Eating whatever I wanted was how I got through my first pregnancy. When I felt crappy, I ate. When I was scared or tired or fed up with being pregnant, I ate.

This time around, I’m missing both the amazing smorgasbord of food all hours of the day and my sugar-laden support group. So you can imagine how excited I was yesterday to have something akin to a treat: homemade granola.

Homemade Granola

Store-bought granola doesn’t hold a candle to this stuff

The recipe I followed is from the beautiful cookbook, “The Sprouted Kitchen,” by Sara Forte, and it’s been republished on the blog, Delightful Crumb. The recipe was simple and so much healthier than the store-bought stuff — not to mention much, much tastier. I don’t care for raisins so I substituted dried cherries (with no added sugar) and decreased the amount of maple syrup called for in the recipe. I also found mine was plenty brown after 25 minutes, rather than the recommended 35-45.

Another perk of making your own granola is having more than one serving — as long as you can keep yourself from eating the entire batch warm out of the oven. (It was not easy.) This morning, I made Angela Liddon’s Pumpkin Pie Oatmeal from her amazing blog, Oh She Glows. (If you’ve never visited this blog, you must do so immediately. Her recipes are mostly free of meat, dairy, gluten, soy and processed foods, and everything I’ve made has been delicious.) I topped it off with some of the granola and it was pure heaven.

If you’re following an anti-inflammatory diet, don’t mistake this stuff for the perfect food. Although the ingredients are all pretty wholesome (oats, pumpkin, spices, olive oil, etc.), I’m still careful not to eat it on an empty stomach. I start every meal with protein — especially first thing in the morning — and save anything that’s higher in sugar or carbs for after I’ve eaten something more substantial. This prevents a rapid rise in blood sugar, which is widely considered to be pro-inflammatory.

Since I’ve been following this dramatically healthier diet, I’ve made some crazy discoveries. I’ve been shocked to find that my taste buds are rapidly expanding and widening their world view. Whereas I used to just melt cheese over everything I ate, now I’m seasoning my food with interesting spices and flavors from nature. Foods I didn’t like before — such as pumpkin! — are suddenly tasting wonderful to me. I’m loving ginger (a great anti-inflammatory food) and can’t get enough spicy mustard. Is it possible my tastes are finally growing up?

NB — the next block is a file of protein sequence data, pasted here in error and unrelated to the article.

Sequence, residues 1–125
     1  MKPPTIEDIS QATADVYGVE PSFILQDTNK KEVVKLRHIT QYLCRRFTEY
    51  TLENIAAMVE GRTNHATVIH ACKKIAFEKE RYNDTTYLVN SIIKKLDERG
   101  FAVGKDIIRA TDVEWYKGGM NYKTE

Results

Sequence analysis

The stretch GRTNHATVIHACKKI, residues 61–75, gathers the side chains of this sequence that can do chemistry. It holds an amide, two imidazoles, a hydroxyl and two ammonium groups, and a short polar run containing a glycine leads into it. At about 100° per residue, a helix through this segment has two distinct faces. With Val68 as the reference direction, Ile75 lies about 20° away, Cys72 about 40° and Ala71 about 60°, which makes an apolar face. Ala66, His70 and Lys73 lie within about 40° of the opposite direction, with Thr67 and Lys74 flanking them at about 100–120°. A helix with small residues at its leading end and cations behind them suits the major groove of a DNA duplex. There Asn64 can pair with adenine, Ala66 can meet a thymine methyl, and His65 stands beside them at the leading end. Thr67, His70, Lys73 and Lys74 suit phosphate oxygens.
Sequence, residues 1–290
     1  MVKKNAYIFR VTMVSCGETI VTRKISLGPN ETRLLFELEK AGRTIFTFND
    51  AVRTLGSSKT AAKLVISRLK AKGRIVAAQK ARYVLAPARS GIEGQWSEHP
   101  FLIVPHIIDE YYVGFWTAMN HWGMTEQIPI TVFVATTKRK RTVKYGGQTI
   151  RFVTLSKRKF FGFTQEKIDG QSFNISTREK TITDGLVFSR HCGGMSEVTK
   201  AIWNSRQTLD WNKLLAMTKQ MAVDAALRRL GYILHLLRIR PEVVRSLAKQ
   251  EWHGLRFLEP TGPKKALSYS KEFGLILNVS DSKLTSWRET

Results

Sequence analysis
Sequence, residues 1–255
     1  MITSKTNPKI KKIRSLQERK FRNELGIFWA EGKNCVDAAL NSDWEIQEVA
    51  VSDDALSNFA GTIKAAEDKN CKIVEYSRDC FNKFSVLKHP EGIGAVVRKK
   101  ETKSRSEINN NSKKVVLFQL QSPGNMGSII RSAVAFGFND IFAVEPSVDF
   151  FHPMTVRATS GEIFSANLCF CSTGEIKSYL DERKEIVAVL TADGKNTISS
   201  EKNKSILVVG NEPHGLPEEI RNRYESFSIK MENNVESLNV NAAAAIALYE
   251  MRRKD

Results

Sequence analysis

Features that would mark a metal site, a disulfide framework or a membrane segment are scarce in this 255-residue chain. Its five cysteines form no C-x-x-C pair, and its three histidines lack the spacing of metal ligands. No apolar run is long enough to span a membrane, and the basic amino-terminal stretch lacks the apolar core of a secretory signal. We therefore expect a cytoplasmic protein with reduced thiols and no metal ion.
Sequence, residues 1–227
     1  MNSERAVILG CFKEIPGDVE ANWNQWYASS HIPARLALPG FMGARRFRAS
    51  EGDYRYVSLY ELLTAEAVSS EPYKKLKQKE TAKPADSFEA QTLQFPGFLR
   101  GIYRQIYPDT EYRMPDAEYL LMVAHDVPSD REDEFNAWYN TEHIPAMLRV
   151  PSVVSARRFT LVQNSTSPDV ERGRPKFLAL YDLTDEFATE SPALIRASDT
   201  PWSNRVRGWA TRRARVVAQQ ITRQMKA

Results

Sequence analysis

And those jelly doughnuts? They’re kind of like that boyfriend you used to think was so hot, but now you cringe when you see old photos of the two of you. This time around, I haven’t thought about eating a jelly doughnut for a single instant. At least I hadn’t before I started writing this …

Here We Go Again

Baby On The Way

Hello, world!

Friends, the bump is back. Baby #2 is on the way, due December 2!

Now that all the initial feelings of fear, anxiety and nausea have (mostly) passed, I feel incredibly blessed to be expecting again. My son will have a brother or sister, and I know from experience that’s a wonderful thing.­

The first few weeks of this pregnancy were tough, which is why I’ve been underground for a little while. I’ve been dealing with a couple health issues, one of which is an autoimmune disorder and both of which cause fatigue and general malaise. Adding pregnancy exhaustion on top of that left me feeling pretty awful overall.

In those early weeks, I ignored what my body was trying to tell me and went into full indulgence mode. Like the first time around, I completely abandoned my healthy eating plan and started stuffing my face with whatever sounded delicious: cereal, toast, ice cream, waffles, pasta, butter, bread, sugar, bread, sugar, sugar, sugar …

As a result, I started feeling worse and worse. I was dragging myself around the house, barely functioning and not at all being the fun, attentive mom I wanted to be. I found myself feeling pretty negative about the whole pregnancy experience.

When life gets hard, nothing soothes the soul like a conversation with a good friend. For me, a simple phone call from a friend turned out to be a beacon of light in my time of need.